Despite repeated setbacks, supporters of Sgt. Rafael Peralta are optimistic his Navy Cross will be upgraded to the Medal of Honor (USMC photo)
On November 15, 2004, 25 year old Sgt. Rafael Peralta was killed while on patrol during the Second Battle of Fallujah, Iraq. That day, Sgt. Peralta and his team were clearing houses in the city as a part of Operation Phantom Fury. Despite not being required to enter the houses himself, Peralta chose to do so anyway.
Sgt. Peralta and his squad cleared their first three houses without incident but, while inspecting the fourth, insurgents with AK-47s opened fire on the Marines, striking Peralta multiple times. As other Marines returned fire, insurgents threw a grenade at the Marines and the two Marines with Peralta were unable to exit the room. Reports from the Marines who were with Sgt. Peralta state that despite being severely wounded, Peralta reached out and pulled the grenade to his body, absorbed the blast and shrapnel, and instantly lost his life, allowing the Marines on his team to survive.
Despite the Marine Corps' recommendation at the time that Sgt. Peralta be awarded the Medal of Honor, then-Secretary of Defense Robert Gates questioned whether Peralta had acted consciously to absorb the blast, as he had also received a ricocheting rifle round to the head, ultimately posthumously awarding Peralta with the second-highest award a Marine can receive, the Navy Cross, in 2008.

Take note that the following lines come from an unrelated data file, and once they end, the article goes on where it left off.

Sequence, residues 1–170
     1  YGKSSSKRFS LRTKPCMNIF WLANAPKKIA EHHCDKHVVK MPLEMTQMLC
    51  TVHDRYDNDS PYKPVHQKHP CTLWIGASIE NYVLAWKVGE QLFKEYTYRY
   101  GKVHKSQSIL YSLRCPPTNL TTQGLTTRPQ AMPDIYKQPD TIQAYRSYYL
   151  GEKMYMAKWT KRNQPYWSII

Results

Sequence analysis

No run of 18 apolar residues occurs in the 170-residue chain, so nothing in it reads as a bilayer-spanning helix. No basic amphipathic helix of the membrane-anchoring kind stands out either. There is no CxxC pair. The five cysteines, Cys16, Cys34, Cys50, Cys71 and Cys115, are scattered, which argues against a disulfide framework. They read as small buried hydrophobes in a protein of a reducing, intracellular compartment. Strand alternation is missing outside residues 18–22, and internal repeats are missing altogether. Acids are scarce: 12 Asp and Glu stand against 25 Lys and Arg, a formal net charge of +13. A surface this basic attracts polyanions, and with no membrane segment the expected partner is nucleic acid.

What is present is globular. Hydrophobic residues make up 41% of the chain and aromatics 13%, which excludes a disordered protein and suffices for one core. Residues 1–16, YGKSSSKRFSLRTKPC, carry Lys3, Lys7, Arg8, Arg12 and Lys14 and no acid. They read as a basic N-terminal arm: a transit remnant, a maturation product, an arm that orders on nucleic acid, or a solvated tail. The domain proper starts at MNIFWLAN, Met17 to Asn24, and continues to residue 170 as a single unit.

Now, Rep. Duncan Hunter, R-Calif, is trying to get Sgt. Peralta's award upgraded to the Medal of Honor for the second time (Duncan unsuccessfully petitioned Sec. Gates' successor, Leon Panetta, in 2012), having written to Defense Secretary Chuck Hagel on October 22 asking Hagel to re-examine Peralta's award decision based on video evidence, pathology reports and other supporting evidence.
On December 4, Hunter received a call from Sec. Hagel in which he (Hagel) said that he is, "Looking at (the petition)...very seriously," according to a spokesman for Hunter. While Hagel has not yet formally reopened Sgt. Peralta's case, Hunter's spokesman says the Congressman is optimistic due to Sec. Hagel's infantry background (something both Gates and Panetta did not have). "He knows what it means to be in a situation like that," the spokesman said. "He also knows what would happen if a grenade detonated 1 to 3 feet from someone's body."
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